THIS DREAM WAS AN ODD ONE:
I was in Atlantic City, at Caesars, late at night. I knew it was either the second or third leg of the Triple Crown earlier that day, which I hadn't imagined would result in a huge crowd, but it had. Even in the early morning, the casino and front desk were seething with well-dressed couples and groups.
It actually looked more like the sort of crowd that shows up for a big boxing match at the MGM Grand in Vegas: expensive suits on the men and even pricier but far skimpier outfits on the women; happy clusters of drunk LA gamblers weaving along, laughing at some in-joke; or VIPs trailing entourages or following burly private security goons. I'd no idea the Preakness or the Belmont Stakes could generate such a turnout at an AC casino. They do have race books, but they're nowhere near as plush as the full-scale sportsbooks on the Vegas Strip. My guess was that — as with Funny Cide or Smarty Jones — one horse had crushed the first two races and had been poised to win the whole damn thing. And judging from the happy crowd, he had sealed the deal.
I would've been at Caesars for the poker, not the ponies, but I got the feeling that I hadn't played yet. I must've headed down to AC on a hunch, based on the potential for a massive influx of fish due to the race. I'd brought my usual backpack of gear: a couple of books, gum, toothbrush and paste, contact-lens drops, some healthful snacks, journal and pens, spare potables, and a fresh T-shirt. (These trips tend to be daylong affairs.) I was heading toward the front desk to ask, perhaps vainly, if they had any rooms for the night . . . if not there, then at a sister Harrah's property.
I asked a female clerk that very question, sliding my Harrah's card across the desk. She frowned in concentration and skepticism, saying, "I don't know, this weekend. . . " while she typed. I watched people cross the marble lobby floor (which the real Caesars AC may or may not have; I don't recall) toward a hundred different destinatons, until I heard the clerk say, "Okay, I found you a room, you're all set!" She returned my Harrah's card on top of a printed register sheet, along with a pen.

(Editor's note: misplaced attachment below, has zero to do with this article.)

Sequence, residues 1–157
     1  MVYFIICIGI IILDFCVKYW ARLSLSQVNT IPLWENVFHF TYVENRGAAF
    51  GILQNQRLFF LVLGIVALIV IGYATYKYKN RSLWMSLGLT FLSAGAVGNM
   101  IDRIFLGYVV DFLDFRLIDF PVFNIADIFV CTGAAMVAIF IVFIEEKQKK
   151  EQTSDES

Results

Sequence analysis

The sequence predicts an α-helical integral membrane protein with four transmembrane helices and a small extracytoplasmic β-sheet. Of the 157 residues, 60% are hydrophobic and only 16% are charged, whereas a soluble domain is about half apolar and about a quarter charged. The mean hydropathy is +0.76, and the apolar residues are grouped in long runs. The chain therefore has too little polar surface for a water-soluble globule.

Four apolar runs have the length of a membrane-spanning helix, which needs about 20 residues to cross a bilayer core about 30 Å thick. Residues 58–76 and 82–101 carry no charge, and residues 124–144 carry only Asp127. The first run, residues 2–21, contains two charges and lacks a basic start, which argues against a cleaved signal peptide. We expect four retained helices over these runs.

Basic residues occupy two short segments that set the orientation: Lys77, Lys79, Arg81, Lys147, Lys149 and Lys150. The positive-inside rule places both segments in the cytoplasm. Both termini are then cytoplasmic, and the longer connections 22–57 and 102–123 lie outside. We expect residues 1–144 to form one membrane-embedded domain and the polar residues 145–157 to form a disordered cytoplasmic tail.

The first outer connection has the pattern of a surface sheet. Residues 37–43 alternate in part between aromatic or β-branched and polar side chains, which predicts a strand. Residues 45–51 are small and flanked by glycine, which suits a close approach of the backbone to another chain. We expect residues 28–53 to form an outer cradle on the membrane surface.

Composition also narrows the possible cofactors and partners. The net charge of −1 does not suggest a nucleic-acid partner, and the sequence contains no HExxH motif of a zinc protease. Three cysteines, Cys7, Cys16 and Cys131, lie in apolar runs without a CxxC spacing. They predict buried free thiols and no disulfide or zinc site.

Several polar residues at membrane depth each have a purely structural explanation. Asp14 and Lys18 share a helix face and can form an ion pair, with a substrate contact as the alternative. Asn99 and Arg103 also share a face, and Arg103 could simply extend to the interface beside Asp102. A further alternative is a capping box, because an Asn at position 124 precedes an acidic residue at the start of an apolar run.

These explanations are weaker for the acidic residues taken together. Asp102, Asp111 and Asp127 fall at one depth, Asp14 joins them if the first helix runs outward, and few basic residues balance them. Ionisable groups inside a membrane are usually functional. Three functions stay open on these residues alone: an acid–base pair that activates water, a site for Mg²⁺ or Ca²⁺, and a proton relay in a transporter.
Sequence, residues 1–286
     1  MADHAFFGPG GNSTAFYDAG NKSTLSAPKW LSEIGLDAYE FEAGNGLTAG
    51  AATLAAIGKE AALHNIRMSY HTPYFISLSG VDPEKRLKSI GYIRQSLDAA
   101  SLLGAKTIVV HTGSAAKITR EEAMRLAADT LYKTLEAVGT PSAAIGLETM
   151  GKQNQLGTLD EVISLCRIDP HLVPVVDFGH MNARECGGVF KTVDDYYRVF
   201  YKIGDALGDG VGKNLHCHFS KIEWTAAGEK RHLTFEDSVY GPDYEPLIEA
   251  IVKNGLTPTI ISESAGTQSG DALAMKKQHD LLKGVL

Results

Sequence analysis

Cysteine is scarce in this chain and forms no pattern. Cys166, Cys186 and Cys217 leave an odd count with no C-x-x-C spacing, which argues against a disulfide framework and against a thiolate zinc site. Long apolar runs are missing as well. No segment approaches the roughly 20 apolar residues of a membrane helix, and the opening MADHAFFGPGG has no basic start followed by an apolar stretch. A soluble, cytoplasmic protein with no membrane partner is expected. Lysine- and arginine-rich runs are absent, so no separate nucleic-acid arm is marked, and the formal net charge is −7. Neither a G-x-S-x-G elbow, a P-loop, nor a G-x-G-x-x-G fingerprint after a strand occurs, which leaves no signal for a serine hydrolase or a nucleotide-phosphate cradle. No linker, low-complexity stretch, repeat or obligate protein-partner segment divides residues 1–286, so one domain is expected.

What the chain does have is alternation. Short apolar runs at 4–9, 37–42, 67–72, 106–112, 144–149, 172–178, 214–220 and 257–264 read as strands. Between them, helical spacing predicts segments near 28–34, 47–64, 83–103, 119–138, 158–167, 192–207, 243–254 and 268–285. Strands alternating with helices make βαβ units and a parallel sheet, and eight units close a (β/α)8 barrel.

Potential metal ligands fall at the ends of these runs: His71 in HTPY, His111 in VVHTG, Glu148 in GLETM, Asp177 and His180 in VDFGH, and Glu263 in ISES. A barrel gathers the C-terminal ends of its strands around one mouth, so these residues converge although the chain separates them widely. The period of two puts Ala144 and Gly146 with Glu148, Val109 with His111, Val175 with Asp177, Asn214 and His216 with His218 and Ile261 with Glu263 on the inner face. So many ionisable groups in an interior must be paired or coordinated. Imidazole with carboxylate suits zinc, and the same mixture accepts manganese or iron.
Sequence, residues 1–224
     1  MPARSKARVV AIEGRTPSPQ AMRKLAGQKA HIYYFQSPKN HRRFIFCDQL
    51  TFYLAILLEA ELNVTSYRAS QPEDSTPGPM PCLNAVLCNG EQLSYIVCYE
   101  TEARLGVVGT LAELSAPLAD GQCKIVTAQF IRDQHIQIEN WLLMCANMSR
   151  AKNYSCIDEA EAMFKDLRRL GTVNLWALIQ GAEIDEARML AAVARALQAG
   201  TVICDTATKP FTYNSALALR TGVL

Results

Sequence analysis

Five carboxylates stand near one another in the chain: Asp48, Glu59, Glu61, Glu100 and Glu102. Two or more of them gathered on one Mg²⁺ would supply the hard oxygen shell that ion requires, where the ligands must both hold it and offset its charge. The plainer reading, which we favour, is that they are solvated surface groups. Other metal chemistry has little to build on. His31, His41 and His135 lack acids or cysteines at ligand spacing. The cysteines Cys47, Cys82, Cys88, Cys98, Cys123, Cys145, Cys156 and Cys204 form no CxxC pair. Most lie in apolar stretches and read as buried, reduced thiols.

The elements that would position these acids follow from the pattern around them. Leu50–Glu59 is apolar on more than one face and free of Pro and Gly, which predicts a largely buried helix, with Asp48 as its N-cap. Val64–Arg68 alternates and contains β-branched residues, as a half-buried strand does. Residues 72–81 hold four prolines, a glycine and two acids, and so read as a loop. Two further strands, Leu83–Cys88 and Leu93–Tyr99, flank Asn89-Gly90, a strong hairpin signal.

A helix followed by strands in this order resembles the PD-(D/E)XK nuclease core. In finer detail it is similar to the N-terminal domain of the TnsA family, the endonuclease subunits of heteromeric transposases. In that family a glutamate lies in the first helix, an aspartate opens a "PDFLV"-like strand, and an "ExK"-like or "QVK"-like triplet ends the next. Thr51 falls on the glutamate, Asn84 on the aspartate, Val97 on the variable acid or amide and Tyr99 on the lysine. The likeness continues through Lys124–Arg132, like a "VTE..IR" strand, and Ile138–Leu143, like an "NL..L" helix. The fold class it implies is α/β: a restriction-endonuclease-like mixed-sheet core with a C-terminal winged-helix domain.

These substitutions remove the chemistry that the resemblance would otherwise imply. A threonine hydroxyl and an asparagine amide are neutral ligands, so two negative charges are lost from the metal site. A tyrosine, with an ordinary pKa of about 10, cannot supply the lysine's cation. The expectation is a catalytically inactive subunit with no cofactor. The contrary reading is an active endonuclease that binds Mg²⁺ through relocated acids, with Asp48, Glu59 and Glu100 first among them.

Somehow, my Harrah's account had been linked, in the manner of Amazon's 1-Click option, to a credit card, and I was booked in before I had the chance to decide whether I wanted it or not. What the hell, I figured, it'll just be tougher to get a place to sleep later. I signed the form and accepted a door card. It was then that I recalled that I hadn't packed a new set of contacts or, uncharacteristically, my glasses. I figured I would have to make do by rehydrating with eye drops.
Unlike a lot of dreams in which I am in a large, multilevel building, I didn't spend hours wandering through Caesars's endless bowels. I have indeed had such a casino-based no-escape dream, in 1995 shortly after my first-ever trip to a gambling palace, in which I hiked through just about every public and staff-only section of some AC casino before escaping to the Boardwalk. Then a midget stole my jackpot check after the one and only Felix screwed up countersigning it three times. This time, though I headed directly to my room, high up in the property judging by the view from the window.
The room still needed to be cleaned up from the last guest: unmade bed, brimming trashcans, glasses and bottles on the dresser, and so forth. I figured I could always call down to expedite the makeup process. First I wanted to see the view. In this version of Caesars, a wing of the hotel extended onto the pier that, in the real world, stretches out from the property over the beach and Atlantic, and now supports a New Jersey branch of the Vegas Forum Shops. My room faced north, and from this high room I had a commanding nighttime view of the hotel-casinos glittering up the Boardwalk.
I then began to notice that the hotel room fittings really didn't look like the stock, mass-purchased furniture you usually find in these places. The king-size bed was topped (or, in this case, strewn) with the sort of comforter and sheets you might have at home, not the usual bulletproof bed cover purchased 20 years ago and maybe laundered annually. The furniture was more unique in design, too.
When I walked past the bathroom into the rest of the suite, I easily could have been entering someone's den. It was definitely more like someone's home, rather than a hotel room. The furniture looked about 30 years old and seemed to have been chosen by someone with tastes formed considerably before that. The feeling that I was in the home of a person my parents' age was underscored by the collectibles arrayed on wooden racks on the northern wall. (Which, like all the walls in this room, was wood paneled, not wallpapered.) Scores of small glass and porcelain figurines, knickknacks, and souvenirs occupied the entire wall on dark-wood shelving, all free of dust.
It was while scrutinizing this startling, noncontextual collection that I woke up. For explaining that last twist, I got nothin'.